Tallahassee is best known as Florida’s capital city and is home to the Capital complex which houses the current capital building as well as the restored Historic Capital Museum. But Tallahassee is so much more. Roughly translated as “old fields” or “old town” from the Muskogean Indian language, Tallahassee has a deep-rooted history and culture, Colleges and Universities and scenic parks, offering something for everyone.
My interest in visiting Tallahassee originated from the fact that my son, a sophomore in college, is attending Florida State University. A weekend trip to visit was a perfect opportunity to explore the city. Here are my 5 picks for spending a weekend in “Tally”!


Tallahassee boasts 7 colleges within 50 miles of the city.   The largest and most well-known is Florida State University (FSU) The University is located 2 miles from the city center and offers both undergrad and graduate programs.  The campus is nestled among majestic southern live oak trees dripping with Spanish moss. The FSU Legacy Walk is a historical tour of campus that focuses on the university’s history, architecture, statues and gardens.

Mission San Luis

Be transported back to 1704 as you discover Mission San Luis, one of Florida’s first missions, located a few miles from downtown Tally. From 1656 until 1704, Mission San Luis served as the principal village of the Apalachee Indians and was the Spaniard’s westernmost military and religious capital.  It was home to more than 1400 residents including an Apalachee chief and Spanish Deputy Governor.

The mission was part of Spain’s effort to colonize the Florida Peninsula and to convert the Apalachee Indians to Christianity. The mission lasted until 1704 when it was evacuated and destroyed to prevent its use by an approaching Creek Indians and South Carolinians.

As you wander through the mission you will hear the traditional music being played, smell food cooking over an open fire, experience the largest historic-period Indian building found in the Southeast and greet the friar worshiping in the church. The buildings surround a central plaza where the Apalachee played their traditional ball game, a game dedicated to the native gods of rain and thunder. It was a violent game, sometimes resulting in death.

Today the plaza is a serene, peaceful place to get away from the hustle and bustle of the city and step back in time to the early days of Florida.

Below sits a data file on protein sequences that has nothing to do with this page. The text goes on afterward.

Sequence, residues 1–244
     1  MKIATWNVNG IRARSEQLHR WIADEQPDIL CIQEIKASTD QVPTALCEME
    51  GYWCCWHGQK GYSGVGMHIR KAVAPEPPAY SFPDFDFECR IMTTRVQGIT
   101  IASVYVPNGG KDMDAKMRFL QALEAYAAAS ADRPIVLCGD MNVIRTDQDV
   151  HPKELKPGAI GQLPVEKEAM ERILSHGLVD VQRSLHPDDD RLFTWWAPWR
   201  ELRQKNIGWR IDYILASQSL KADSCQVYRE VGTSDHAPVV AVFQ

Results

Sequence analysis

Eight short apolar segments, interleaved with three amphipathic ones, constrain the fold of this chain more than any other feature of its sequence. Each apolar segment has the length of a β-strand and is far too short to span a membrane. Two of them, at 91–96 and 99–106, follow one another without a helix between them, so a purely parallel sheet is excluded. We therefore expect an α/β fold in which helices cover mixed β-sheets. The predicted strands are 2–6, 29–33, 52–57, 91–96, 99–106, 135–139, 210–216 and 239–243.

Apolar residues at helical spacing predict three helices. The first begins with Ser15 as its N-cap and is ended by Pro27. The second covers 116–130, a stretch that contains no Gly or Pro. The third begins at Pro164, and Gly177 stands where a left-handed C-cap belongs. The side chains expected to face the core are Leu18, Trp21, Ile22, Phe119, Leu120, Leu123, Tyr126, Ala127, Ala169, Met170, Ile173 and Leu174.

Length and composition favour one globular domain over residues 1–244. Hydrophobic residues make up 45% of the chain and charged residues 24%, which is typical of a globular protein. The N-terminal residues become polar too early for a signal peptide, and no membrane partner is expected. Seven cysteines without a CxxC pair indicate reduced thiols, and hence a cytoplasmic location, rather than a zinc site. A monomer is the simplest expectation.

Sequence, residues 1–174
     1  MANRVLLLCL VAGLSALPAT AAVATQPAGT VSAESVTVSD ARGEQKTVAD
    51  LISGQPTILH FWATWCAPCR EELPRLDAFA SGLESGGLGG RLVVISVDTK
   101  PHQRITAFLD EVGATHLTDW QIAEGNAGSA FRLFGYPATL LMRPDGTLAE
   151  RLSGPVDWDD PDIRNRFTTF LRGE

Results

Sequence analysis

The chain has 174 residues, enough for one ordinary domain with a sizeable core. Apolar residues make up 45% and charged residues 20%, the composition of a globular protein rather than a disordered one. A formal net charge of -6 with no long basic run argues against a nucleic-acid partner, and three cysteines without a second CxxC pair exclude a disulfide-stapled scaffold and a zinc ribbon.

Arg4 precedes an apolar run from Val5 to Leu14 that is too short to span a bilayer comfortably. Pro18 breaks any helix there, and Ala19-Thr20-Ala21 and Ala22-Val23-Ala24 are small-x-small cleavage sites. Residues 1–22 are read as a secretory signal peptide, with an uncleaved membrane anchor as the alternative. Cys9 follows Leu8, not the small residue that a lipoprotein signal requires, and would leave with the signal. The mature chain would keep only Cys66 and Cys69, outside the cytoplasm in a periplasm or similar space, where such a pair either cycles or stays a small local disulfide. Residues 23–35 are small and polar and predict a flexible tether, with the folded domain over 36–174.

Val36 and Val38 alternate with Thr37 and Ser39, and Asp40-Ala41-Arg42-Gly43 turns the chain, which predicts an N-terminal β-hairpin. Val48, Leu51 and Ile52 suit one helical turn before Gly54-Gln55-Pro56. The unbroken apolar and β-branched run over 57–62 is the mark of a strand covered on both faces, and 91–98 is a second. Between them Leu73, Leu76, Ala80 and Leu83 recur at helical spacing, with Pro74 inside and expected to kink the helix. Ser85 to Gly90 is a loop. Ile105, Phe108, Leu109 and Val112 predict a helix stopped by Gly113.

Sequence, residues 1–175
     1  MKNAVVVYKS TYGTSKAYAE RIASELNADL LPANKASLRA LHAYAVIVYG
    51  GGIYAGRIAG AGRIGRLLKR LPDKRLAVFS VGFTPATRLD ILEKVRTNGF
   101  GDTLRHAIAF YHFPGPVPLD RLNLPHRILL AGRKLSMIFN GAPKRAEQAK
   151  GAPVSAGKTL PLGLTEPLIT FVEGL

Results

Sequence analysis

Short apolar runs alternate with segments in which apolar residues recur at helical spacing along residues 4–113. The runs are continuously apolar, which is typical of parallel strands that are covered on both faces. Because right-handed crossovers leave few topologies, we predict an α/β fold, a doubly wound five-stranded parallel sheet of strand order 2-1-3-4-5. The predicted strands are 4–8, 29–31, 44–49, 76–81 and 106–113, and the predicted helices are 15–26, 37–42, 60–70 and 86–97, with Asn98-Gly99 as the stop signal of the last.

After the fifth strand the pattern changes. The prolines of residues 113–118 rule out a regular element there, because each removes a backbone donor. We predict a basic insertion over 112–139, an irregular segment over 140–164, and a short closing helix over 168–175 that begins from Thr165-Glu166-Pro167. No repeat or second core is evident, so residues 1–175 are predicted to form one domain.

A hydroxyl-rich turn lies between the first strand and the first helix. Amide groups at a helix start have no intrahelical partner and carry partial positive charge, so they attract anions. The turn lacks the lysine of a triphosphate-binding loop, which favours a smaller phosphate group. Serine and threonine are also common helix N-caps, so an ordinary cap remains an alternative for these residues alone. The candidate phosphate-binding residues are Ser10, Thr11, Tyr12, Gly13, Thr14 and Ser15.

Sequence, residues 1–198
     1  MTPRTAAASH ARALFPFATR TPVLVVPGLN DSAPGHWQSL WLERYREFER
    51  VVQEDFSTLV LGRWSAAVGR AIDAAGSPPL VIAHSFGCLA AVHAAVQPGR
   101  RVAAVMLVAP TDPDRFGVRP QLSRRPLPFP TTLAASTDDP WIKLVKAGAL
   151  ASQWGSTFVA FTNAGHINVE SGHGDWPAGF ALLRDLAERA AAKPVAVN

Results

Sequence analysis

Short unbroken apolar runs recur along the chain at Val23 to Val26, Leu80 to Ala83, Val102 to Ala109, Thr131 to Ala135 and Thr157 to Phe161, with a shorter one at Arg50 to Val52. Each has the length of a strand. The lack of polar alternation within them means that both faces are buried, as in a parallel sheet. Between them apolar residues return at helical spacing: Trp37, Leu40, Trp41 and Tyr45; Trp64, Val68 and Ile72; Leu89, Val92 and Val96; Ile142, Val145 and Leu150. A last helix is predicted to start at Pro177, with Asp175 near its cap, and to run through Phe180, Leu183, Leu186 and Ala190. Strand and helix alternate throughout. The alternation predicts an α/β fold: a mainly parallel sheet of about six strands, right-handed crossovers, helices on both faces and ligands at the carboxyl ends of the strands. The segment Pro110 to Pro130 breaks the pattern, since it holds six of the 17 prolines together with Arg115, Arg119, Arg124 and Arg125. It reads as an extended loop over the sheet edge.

Admission is $5 for adults, $3 for seniors and $2 for children 6-17

The Museum of Florida History is located downtown Tallahassee near the Capital building.  The museum collects, preserves and showcases past and present cultures in Florida.  The museum offers a glimpse into Florida’s heritage and a greater appreciation of its history and people.

 Exhibits include Florida during the Civil War, World War II and Naval ships named Florida. One of my favorite exhibits was Forever Changed: La Florida.  Forever Changed chronicles a period in Florida’s history from 1513-1821, including the landing of Juan Ponce de Leon which marked the beginning of the Spanish and African presence in Florida to Florida’s adoption as a United States Territory.

The museum also provides a deli and gift shop. Admission to the museum is free but donations are accepted.

Florida Historic Capital Museum

Tallahassee was chosen as the territorial capital in 1824 with the first capital building being constructed in 1826 and then torn down. The present building was constructed in 1845 with the first expansion added in 1902. Additions were added, including two new wings for the House and Senate chambers and a marble interior.  In 1970 the new capital building threatened demolition of the old building. The old capital was saved through the citizen’s actions and was restored to its 1902 appearance.

Restored areas include the Governor’s office, chambers of the House of Representatives, Senate and Supreme Court. The two-story building contains exhibits, photographs and more than 250 artifacts located in 21 different rooms.  I wandered through the exhibits, and despite my minimal interest in politics, found the history of Florida’s government fascinating.

Admission to the Capital Museum is free and donations are accepted.

Alfred B. Maclay Gardens State Park

Alfred B. Maclay Gardens State park is located only a few miles out of the city but feels like a world away.  There are two short hiking trails and miles of bike trails meandering through the woods overlooking the lake. The gardens feature a brick walkway, a reflection pool and magnificent flowers including camellias and azaleas. Although I didn’t have time on this trip, Lake Hall is perfect for kayaking and offers kayaks and canoes for rent.

Admission is $6 per vehicle.

With rolling hills, picturesque canopy roads and distinct “seasons”, Tallahassee feels very different than the rest of Florida. Whether you are in town for a football game, Go Noles!, searching for cooler weather and hiking trails, or interested in Florida’s history, Tally has something for everyone!

I’m a freelance writer and photographer living in SW Florida. I have a love of travel and photography. Living in Florida, my backyard is a travel destination with crystal clear water, beautiful beaches, quaint towns, and amazing wildlife. Wander with me…

Stephanie Karasek
Empowerment Coach
Damsel Safety Trainer

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